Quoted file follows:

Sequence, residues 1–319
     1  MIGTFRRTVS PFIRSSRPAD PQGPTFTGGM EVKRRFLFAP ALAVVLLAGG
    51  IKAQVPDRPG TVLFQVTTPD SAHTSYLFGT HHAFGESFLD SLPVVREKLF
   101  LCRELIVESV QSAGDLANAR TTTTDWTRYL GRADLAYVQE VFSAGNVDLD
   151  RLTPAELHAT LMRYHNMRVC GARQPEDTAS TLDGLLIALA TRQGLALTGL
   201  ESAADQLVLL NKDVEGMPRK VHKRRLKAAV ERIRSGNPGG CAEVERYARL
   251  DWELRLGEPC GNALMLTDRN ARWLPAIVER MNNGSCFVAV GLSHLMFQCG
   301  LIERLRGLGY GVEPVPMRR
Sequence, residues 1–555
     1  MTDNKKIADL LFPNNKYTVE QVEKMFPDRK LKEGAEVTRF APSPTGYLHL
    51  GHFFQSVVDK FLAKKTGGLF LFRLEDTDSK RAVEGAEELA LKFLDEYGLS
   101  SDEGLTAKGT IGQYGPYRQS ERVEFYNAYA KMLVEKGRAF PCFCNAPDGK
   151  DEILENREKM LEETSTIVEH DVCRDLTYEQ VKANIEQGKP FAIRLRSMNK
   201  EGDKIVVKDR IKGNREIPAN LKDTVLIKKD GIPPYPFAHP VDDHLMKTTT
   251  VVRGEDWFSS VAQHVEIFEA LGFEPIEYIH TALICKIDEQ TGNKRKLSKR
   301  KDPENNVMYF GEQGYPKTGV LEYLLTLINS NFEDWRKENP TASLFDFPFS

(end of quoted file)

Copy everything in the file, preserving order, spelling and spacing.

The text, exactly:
Sequence, residues 1–319
     1  MIGTFRRTVS PFIRSSRPAD PQGPTFTGGM EVKRRFLFAP ALAVVLLAGG
    51  IKAQVPDRPG TVLFQVTTPD SAHTSYLFGT HHAFGESFLD SLPVVREKLF
   101  LCRELIVESV QSAGDLANAR TTTTDWTRYL GRADLAYVQE VFSAGNVDLD
   151  RLTPAELHAT LMRYHNMRVC GARQPEDTAS TLDGLLIALA TRQGLALTGL
   201  ESAADQLVLL NKDVEGMPRK VHKRRLKAAV ERIRSGNPGG CAEVERYARL
   251  DWELRLGEPC GNALMLTDRN ARWLPAIVER MNNGSCFVAV GLSHLMFQCG
   301  LIERLRGLGY GVEPVPMRR
Sequence, residues 1–555
     1  MTDNKKIADL LFPNNKYTVE QVEKMFPDRK LKEGAEVTRF APSPTGYLHL
    51  GHFFQSVVDK FLAKKTGGLF LFRLEDTDSK RAVEGAEELA LKFLDEYGLS
   101  SDEGLTAKGT IGQYGPYRQS ERVEFYNAYA KMLVEKGRAF PCFCNAPDGK
   151  DEILENREKM LEETSTIVEH DVCRDLTYEQ VKANIEQGKP FAIRLRSMNK
   201  EGDKIVVKDR IKGNREIPAN LKDTVLIKKD GIPPYPFAHP VDDHLMKTTT
   251  VVRGEDWFSS VAQHVEIFEA LGFEPIEYIH TALICKIDEQ TGNKRKLSKR
   301  KDPENNVMYF GEQGYPKTGV LEYLLTLINS NFEDWRKENP TASLFDFPFS